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Journal of Cold War Studies 4.3 (2002) 155-157

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Book Review

Russia's Stillborn Democracy?
From Gorbachev to Yeltsin

Graeme Gill and Roger D. Markwick, Russia's Stillborn Democracy? From Gorbachev to Yeltsin. Oxford: Oxford University Press, 2000. 280 pp. $65.00.

As the title suggests, the authors of Russia's Stillborn Democracy have a rather negative view of the current state of democracy in Russia. They argue that attempts at political liberalization in Russia failed, and they proceed to explain why. In contrast to earlier structural explanations, Graeme Gill and Roger Markwick build on what they consider a primary contribution of the "transition literature" by focusing their analysis on individual actors. In particular, they consider why elites choose to liberalize and what factors influence the achievement of their goals.

Where Gill and Markwick part from what they characterize as the transition literature is in their attention to the context in which elites make choices, namely, civil society. They contend that civil society is the primary force that determines the choices of elites who are faced in a crisis with the option of either "liberalizing" or "cracking down." Gill and Markwick argue that "where civil society forces are not powerful and active (and both qualities must be seen as relative to the regime), a democratic outcome is unlikely" (p. 5). In sum: no civil society, no democracy. The implication is that elites will choose to liberalize or democratize only when they are forced to by civil society.

In Russia's case, Gill and Markwick claim that the Soviet legacy, particularly the unresolved tension between "personalism" and "the formal rules of hierarchical procedure" (p. 11), was a major impediment to the development of civil society. Other factors that, in their view, both resulted from and contributed to the weakness of civil society were Russia's political culture, especially what they call the "étatist tradition" (p. 248); the excessive concentration of executive power, which, they believe, diminished not only the legislature but also the emergence of a party system that would have [End Page 155] ensured greater participation by citizens in politics (p. 250); and, finally, the absence of a middle class, a deficiency largely attributable to the inability of the Russian state to "rein in" and "curb" the "bourgeoisie" (p. 258) during the prolonged economic crisis. The argument is thus that democracy in Russia was doomed from the start (or "stillborn") because civil society was congenitally weakened by the Soviet legacy.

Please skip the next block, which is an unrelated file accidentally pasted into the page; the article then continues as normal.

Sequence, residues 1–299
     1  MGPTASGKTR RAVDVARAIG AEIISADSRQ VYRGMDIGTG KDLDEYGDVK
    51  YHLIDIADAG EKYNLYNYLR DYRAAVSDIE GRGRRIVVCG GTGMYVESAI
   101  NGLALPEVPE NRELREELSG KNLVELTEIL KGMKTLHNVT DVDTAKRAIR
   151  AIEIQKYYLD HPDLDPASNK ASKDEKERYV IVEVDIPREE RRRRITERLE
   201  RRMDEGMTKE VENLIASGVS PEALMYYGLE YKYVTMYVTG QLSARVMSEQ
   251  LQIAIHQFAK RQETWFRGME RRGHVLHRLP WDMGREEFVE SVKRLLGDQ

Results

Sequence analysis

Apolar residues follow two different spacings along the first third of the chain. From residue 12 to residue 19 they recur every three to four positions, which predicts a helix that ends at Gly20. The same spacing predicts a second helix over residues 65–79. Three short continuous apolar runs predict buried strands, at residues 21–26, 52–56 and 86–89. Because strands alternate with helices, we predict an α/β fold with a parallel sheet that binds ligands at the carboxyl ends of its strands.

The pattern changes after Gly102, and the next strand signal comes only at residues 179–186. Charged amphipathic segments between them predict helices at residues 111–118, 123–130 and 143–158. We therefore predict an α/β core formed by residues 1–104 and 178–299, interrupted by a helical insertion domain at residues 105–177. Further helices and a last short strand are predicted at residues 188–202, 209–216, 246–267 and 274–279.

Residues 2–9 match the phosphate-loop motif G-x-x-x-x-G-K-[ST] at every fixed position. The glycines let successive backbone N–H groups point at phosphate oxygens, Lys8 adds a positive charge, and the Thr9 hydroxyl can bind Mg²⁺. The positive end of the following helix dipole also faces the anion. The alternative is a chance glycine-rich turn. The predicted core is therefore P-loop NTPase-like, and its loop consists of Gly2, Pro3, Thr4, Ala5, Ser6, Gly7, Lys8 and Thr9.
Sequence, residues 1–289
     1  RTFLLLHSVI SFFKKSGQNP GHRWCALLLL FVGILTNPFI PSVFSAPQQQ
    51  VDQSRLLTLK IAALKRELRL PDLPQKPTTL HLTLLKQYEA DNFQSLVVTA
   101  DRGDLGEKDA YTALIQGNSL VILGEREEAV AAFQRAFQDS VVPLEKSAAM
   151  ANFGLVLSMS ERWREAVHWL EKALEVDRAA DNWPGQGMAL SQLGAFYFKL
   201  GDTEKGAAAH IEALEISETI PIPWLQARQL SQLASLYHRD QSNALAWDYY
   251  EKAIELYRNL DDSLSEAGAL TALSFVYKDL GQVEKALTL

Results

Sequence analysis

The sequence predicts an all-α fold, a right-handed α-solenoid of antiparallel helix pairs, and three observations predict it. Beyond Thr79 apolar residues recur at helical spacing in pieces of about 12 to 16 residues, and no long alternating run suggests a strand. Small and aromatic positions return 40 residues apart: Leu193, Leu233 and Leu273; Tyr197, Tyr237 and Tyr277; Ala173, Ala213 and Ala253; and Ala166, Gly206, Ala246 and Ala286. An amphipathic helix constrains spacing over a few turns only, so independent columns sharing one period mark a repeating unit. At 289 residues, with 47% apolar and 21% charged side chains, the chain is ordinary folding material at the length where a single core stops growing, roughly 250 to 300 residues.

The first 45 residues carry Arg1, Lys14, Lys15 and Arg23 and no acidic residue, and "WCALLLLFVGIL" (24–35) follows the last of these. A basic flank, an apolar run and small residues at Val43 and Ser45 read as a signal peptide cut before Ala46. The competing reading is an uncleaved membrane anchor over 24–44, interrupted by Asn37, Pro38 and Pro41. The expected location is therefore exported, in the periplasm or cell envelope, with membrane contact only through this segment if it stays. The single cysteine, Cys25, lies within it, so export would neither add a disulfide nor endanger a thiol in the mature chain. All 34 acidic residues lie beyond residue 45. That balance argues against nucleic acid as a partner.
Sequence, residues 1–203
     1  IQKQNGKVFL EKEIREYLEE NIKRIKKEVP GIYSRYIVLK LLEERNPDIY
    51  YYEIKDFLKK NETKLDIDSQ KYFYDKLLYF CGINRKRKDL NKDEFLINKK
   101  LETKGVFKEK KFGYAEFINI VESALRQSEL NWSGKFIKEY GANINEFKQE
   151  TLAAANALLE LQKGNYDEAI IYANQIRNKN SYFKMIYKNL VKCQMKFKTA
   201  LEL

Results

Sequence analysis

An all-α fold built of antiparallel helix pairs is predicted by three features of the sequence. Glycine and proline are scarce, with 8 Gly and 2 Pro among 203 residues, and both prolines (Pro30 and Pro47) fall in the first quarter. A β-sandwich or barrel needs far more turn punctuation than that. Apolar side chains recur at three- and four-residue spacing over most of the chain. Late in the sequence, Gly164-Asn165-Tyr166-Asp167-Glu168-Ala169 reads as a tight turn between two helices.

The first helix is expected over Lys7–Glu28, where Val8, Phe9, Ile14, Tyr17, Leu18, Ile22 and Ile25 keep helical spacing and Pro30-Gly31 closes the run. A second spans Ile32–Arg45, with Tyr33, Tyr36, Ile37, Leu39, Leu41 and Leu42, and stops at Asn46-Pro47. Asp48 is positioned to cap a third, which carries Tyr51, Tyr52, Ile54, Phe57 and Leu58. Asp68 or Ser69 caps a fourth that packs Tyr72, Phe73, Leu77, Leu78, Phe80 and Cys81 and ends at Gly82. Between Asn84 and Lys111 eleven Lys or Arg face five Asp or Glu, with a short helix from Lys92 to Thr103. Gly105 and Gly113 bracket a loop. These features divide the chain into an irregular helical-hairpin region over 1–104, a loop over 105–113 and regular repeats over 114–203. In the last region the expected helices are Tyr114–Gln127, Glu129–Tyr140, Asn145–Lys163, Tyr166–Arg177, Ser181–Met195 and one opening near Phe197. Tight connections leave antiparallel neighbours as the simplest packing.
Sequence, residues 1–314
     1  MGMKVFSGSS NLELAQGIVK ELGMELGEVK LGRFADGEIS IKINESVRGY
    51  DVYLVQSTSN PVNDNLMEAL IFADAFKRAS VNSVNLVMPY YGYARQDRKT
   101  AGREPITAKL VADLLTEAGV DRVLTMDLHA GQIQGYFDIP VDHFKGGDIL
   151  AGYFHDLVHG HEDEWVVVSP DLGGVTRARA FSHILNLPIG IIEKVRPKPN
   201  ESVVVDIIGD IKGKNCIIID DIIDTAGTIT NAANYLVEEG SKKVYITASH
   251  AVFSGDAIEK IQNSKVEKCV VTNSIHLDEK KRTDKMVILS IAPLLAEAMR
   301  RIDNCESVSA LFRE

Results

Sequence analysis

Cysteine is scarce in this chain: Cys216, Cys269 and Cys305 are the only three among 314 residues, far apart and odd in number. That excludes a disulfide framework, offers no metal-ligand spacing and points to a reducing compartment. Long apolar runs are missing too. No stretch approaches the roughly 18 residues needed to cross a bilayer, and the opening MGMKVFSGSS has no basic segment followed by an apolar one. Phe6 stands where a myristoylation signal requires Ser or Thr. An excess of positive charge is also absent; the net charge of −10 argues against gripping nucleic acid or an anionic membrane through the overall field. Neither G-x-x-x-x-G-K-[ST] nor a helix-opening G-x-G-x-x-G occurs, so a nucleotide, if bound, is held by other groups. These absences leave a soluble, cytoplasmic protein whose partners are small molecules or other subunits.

One of the benefits of the book's approach is that it draws our attention to the Soviet past in order to understand post-Soviet developments. Although this idea is hardly novel among historians and theorists of "path dependence," it often has been disregarded by contemporary political scientists and economists. In particular, the book quite sensibly links the absence of the "rule of law" and the existence of elite networks in today's Russia with the Soviet experience of personalism and the subversion of formal institutions.

Nevertheless, although the book succeeds in bringing up interesting and important questions about the causes of failed political reform in Russia, it does not do as well in answering those questions. Much of the book covers familiar territory in discussing political reform during the perestroika era, including the decline of the Communist party vis-à-vis state institutions, and the establishment of elections and executive institutions. Gill and Markwick devote only a very limited amount of space to the development of civil society during perestroika in the form of nonstate organizations (pp. 111-120).

This discussion of perestroika, and a subsequent chapter on civil society, indicate that Gill and Markwick are not interested in exploring voluntary civic organizations, nongovernmental organizations, and social movements. Instead, they focus on classes—the bourgeoisie (oligarchs), the working class, the peasantry, and the middle class—and formal political parties. Although this focus may have its merits, the lack of attention to other organizations that are normally considered integral parts of civil society begs for explanation. More important, the link between certain classes and parties and the...